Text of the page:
Florida Phoenix by Mitch Perry
January 16, 2019
Killearn Estates residents in the northeast part of Tallahassee were concerned and confused about a news blackout regarding a death that closed down traffic in their neighborhood for several hours this past Saturday morning.
What was going on?
After an initial press release announced an accident had occurred, it took more than 48 hours before the police department released any details, saying only in a subsequent release that it was a traffic crash involving a pedestrian.
The press release also noted that because of Marsy’s Law, they were limited in the amount of information they could share with the public.
Six hours later, the agency followed up with a statement on its Facebook page, saying that they were receiving “numerous questions from the public regarding Marsy’s Law, and how it affects the information we can release.”
The statement elicited strong reactions from community members – both positively and negatively, and shined a light on the new state law approved by more than 61 percent of Floridians last November.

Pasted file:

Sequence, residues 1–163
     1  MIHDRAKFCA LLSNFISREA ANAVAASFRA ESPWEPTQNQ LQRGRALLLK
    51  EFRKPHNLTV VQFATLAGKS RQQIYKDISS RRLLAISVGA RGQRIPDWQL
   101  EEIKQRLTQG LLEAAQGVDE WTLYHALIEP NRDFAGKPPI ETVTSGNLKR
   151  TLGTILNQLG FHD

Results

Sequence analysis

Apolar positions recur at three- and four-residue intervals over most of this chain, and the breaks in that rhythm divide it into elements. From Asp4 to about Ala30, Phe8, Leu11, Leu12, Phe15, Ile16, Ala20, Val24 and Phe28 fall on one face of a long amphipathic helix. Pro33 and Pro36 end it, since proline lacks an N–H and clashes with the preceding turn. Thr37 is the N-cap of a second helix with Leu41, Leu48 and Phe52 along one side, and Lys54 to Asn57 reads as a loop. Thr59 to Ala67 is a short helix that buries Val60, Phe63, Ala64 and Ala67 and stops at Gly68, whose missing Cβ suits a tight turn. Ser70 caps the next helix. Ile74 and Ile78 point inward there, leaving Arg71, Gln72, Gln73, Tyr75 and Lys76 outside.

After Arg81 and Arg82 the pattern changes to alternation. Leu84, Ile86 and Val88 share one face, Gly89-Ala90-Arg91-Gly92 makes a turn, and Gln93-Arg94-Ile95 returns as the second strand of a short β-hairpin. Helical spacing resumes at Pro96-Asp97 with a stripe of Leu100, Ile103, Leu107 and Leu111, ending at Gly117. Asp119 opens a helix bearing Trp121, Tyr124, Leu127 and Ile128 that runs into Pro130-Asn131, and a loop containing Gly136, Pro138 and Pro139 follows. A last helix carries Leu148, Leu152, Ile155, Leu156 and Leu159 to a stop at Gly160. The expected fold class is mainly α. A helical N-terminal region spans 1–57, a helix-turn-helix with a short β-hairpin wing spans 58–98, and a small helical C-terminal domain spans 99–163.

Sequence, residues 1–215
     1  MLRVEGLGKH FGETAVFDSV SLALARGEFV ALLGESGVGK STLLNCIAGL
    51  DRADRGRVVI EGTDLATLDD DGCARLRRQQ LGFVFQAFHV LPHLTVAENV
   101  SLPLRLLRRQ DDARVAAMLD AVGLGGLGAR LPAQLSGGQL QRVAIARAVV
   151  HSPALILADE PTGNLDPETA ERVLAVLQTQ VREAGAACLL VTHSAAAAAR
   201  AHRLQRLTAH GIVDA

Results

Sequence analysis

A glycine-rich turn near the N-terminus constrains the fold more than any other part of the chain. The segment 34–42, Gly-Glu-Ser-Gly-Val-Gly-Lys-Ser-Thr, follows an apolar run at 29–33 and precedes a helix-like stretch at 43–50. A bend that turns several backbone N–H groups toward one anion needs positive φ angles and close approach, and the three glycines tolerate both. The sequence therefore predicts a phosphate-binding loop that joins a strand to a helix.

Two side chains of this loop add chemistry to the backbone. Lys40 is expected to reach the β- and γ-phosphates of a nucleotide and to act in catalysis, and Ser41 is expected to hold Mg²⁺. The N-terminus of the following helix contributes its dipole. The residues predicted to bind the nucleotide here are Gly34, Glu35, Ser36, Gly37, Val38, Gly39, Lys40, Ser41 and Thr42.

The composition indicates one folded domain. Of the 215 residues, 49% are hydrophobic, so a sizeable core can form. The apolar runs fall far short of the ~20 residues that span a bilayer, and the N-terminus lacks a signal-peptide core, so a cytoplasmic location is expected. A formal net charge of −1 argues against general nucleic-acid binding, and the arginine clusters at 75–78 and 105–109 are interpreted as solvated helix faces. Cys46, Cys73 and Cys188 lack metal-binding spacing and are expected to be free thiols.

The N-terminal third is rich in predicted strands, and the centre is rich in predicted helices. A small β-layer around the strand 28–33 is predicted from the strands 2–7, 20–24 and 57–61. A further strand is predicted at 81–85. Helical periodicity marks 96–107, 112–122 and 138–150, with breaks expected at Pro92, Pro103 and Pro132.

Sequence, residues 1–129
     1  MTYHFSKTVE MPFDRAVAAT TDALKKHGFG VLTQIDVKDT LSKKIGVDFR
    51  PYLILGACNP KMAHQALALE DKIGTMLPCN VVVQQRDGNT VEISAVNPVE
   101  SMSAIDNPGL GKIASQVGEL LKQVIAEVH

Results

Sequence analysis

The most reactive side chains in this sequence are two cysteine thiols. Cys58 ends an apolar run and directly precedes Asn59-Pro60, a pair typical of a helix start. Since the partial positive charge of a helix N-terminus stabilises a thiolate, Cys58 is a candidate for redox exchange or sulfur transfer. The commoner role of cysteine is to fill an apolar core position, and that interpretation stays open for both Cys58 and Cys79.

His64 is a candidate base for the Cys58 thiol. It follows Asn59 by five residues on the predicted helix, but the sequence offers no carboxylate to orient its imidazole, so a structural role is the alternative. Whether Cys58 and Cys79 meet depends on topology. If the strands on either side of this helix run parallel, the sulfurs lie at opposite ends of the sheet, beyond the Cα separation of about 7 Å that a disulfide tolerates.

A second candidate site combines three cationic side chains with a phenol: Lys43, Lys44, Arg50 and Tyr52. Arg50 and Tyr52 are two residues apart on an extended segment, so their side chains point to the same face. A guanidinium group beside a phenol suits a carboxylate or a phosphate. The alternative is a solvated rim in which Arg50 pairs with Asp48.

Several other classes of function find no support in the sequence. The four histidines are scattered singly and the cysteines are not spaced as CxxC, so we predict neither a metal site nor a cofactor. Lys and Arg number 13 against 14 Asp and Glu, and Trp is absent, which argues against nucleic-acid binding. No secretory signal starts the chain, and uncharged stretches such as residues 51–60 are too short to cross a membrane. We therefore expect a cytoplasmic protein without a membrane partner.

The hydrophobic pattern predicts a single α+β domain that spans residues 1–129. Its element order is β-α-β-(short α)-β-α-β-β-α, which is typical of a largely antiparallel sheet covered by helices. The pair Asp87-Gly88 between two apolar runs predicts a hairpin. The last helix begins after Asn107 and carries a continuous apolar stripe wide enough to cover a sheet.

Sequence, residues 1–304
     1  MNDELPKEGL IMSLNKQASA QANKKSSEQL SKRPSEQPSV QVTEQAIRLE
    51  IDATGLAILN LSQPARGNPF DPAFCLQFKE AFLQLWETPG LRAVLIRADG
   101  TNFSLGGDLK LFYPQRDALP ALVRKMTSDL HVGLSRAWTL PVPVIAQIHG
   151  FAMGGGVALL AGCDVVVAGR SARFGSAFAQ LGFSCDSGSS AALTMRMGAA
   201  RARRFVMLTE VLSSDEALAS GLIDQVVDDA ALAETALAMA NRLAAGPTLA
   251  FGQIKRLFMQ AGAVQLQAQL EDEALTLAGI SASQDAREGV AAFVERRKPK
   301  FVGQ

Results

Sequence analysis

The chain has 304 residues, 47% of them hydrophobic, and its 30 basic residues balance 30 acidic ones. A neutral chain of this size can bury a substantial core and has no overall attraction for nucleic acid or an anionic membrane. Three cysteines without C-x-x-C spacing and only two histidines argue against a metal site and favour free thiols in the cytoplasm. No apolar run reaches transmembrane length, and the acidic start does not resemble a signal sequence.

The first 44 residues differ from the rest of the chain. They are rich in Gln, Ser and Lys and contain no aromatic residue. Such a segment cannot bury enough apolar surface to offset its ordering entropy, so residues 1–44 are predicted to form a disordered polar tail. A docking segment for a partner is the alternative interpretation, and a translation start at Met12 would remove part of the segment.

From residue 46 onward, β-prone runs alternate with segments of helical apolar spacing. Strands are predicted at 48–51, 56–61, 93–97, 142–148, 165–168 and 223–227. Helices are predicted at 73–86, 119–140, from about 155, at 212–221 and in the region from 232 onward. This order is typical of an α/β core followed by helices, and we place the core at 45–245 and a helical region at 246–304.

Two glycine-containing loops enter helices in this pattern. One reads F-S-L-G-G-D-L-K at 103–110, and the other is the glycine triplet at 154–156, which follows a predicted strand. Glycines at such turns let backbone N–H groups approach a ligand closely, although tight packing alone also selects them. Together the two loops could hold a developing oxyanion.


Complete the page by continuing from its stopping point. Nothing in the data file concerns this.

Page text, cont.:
The fact is, supporters and critics of the victim rights measure known as Marsy’s Law don’t agree on much – but most appear to be on the same page when it comes to acknowledging that there remains a significant number of details in the measure that lack clear definition, and it will require some major tweaks if it’s going to work as intended.
Marsy’s Law in other states: Not a smooth transition
Florida was one of six states to pass a variation of Marsy’s Law in November, making a total of 11 states around the country who have passed its provisions.
The national movement has been led by tech billionaire Henry Nichols, who became an advocate for crime victims after his sister, UC-Santa Barbara student Marsalee “Marsy” Nicholas, was stalked and killed in 1983 by an ex-boyfriend.